|D&H mainline in north Albany prior to the|
CP Executive train's visit in 2018.
There is another big consideration with ballasting. It generally is permanent. Once the ballast is down and glued in you can't easily change it without some major track replacement project. This is even more of an issue when you use something besides white glue to secure it that isn't water soluble later on. What this means is that if you aren't sure what color, size, and shape of ballast you are going to use then you must think it through carefully first.
A couple of years ago I was sitting at my work bench one day and realized I had over a dozen types of ballast in my scenery supply bin. And I find ballasting so much fun that I wanted to do some just to enjoy it even before my layout had track installed. So, I decided to create a ballast sample board. It lets me easily compare ballast size and colors. It would have been much wiser to paint the board the same shade of brown as my layout and to perhaps include a little grass, but I was in a rush. I had stuff from Woodland Scenics, and had ordered samples from Arizona Rock and Mineral and Scenic Express. I have been looking for a substitute for Highball Ballast which I loved working with but sadly has been out of business for awhile now.
The Valley Local blog by Chris Adams had a pretty good post on this issue. Chris wasn't sure what he should use and tried several types by loosely applying them to some track and comparing the results to pictures of the prototype. That was pretty smart. I suggested to him that the adhesive used to glue it down will change the color of the ballast (white glue dries differently than Scenic Cement or matte medium) and recommended he make a couple of samples of track with the ballast firmly affixed how he would regularly do it. If I was speaking from personal experience as to how the color might change, I was.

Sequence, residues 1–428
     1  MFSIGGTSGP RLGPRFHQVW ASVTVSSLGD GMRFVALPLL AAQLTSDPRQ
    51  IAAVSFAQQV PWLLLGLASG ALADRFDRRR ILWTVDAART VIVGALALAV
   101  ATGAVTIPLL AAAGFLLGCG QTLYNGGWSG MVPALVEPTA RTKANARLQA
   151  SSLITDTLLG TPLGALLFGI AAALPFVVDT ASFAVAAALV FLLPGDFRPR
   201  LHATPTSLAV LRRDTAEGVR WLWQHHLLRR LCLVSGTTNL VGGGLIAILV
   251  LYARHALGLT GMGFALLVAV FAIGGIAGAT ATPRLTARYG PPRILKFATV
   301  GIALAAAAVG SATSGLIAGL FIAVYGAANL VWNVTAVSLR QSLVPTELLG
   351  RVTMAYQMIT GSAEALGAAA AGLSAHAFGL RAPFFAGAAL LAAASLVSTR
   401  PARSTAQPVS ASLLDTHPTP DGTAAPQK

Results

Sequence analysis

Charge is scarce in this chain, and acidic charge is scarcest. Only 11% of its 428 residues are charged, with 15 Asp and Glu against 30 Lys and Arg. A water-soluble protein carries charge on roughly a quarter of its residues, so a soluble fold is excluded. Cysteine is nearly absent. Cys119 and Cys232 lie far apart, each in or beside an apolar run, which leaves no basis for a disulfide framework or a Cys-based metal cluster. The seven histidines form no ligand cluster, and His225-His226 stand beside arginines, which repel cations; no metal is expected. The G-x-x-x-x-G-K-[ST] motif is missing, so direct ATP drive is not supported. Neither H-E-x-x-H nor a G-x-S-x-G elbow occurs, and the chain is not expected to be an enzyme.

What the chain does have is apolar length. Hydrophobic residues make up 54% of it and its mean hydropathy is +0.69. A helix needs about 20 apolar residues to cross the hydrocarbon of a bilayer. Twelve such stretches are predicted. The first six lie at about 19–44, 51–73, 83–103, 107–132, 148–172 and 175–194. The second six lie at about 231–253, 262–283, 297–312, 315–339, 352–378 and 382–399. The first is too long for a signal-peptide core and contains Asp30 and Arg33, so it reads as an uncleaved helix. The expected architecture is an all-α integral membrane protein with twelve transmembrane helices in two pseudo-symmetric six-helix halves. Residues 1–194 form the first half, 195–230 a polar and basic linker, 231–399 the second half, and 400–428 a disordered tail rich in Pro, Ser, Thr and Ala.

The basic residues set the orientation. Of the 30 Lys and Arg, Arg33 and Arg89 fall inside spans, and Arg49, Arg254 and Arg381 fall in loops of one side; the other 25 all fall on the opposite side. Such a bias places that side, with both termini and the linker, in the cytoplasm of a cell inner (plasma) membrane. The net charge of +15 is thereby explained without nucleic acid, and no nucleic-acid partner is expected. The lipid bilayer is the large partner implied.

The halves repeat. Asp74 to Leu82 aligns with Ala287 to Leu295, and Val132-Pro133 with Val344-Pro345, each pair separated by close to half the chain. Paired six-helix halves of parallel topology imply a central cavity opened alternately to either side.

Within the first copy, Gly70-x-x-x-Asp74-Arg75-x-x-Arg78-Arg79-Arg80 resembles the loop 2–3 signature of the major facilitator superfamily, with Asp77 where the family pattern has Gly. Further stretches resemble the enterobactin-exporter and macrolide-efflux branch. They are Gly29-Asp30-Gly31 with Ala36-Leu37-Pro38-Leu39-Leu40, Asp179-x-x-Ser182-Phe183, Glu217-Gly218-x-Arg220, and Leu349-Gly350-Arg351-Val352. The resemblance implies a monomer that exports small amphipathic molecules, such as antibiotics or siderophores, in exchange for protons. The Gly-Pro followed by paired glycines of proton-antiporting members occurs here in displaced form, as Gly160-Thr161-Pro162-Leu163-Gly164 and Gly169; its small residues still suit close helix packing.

|North Albany mainline in front, with sidings |
to Surpass in the rear.
|The same area as above, though in 1984. I guess the|
ballast is a bit brown here too.
So that left me with Woodland Scenics' ballast, which I planned to avoid. Why? Because I have always heard "real modelers use real crushed rock for ballast, not walnut shells." And I turned into a snob and believed it. I admit if you use wet water to saturate the ballast instead of rubbing alcohol, you need a lot more water and that extra spraying could cause the loose ballast to go flying. But, I use straight up rubbing alcohol and the WS ballast stays put. My sample board showed that I could secure it without any trouble. So that was that, Woodland Scenics ballast for me. In the picture at the right, the section of track ballasted on the left has been secured with glue, while the portion on the right has not. The difference in color is important to note.
|The D&H in Menands in 1984. Note the ballast|
mainline is much more gray.